When this was mentioned by journalists and others on Twitter, the videos started disappearing one by one, until the day after the shooting there were no conspiracy theories in the top 10 search results. But in the meantime, each of those videos got thousands or tens of thousands of views they might otherwise not have gotten.

Misinformation in video form isn’t just a problem in the US. YouTube has also become hugely popular in India with the arrival of cheap data plans for smartphones, and after a famous actress died recently, YouTube’s trending section for India was reportedly filled with fake news.

Public or media outrage seems to have helped push Google to take action in the most recent cases, but the subject of controversial content on YouTube has also become a hot-button issue in part because advertisers have raised a stink about it, and that kind of behavior has a very real impact on Google’s bottom line, as opposed to just affecting its public image.

Last year, for example, dozens of major-league advertisers—including L’Oreal, McDonald’s and Audi—either pulled or threatened to pull their ads from YouTube because they were appearing beside videos posted by Islamic extremists and white supremacists. Google quickly apologized and promised to update its policies to prevent this from happening.

The Congressional hearings into Russian activity also seem to have sparked some changes. One of the things that got some scrutiny in both the Senate and House of Representatives hearings was the fact that Russia Today—a news organization with close links to the Russian government—was a major user of YouTube.

Google has since responded by adding warning labels to Russia Today and other state broadcasters to note that they are funded by governments. This move has caused some controversy, however: PBS complained that it got a warning label, even though it is funded primarily by donations and only secondarily by government grants.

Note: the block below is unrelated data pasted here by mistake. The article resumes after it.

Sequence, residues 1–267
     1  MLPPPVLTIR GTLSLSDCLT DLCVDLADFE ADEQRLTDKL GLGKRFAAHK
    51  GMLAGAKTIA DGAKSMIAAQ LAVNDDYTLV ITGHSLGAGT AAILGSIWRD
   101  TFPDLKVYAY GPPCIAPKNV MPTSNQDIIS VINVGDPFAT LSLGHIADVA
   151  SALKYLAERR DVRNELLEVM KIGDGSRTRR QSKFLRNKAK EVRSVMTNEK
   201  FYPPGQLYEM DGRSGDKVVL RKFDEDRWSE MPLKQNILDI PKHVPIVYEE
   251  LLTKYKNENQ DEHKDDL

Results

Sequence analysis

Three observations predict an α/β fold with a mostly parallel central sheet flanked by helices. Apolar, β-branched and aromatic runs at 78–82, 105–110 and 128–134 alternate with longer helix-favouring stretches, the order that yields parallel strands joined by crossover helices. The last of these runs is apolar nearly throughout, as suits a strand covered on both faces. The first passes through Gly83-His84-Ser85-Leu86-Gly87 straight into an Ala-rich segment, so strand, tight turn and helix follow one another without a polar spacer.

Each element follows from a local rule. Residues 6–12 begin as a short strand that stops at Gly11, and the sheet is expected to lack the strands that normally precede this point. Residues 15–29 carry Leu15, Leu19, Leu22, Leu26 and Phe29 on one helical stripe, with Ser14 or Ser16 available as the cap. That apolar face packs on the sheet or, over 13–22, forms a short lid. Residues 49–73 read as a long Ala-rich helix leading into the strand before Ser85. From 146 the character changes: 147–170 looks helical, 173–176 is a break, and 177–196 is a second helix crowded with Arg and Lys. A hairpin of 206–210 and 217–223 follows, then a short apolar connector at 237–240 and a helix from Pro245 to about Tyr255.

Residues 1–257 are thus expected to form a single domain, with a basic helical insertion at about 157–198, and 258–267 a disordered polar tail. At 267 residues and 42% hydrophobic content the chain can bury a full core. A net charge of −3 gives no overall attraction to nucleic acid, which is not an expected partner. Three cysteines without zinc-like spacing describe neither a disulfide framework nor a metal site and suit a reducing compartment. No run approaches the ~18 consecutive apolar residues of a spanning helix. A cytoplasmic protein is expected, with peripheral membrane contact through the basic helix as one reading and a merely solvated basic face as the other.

As well-meaning as they might be, however, warning labels and Wikipedia links aren’t going to be enough to solve YouTube’s misinformation problem, because to some extent it’s built into the structure of the platform, as it is with Facebook and the News Feed.

In a broad sense, the popularity of fake news is driven by human nature. Conspiracy theories and made-up facts tend to be much more interesting than the real truth about an event, in part because they hint at mysteries and secrets that only a select few know about. That increases the desire to read them, and to share them. Social services like Facebook, Twitter, and YouTube tend to promote content that plays on this impulse because they are looking to boost engagement and keep users on the platform as long as possible.

Human nature, however, is exacerbated by the algorithms that power these platforms. YouTube’s algorithm tracks people clicking and watching conspiracy theory videos and assumes that this kind of content is very popular, and that people want to see more of it, so it moves those videos higher in the rankings. That in turn causes more people to see them.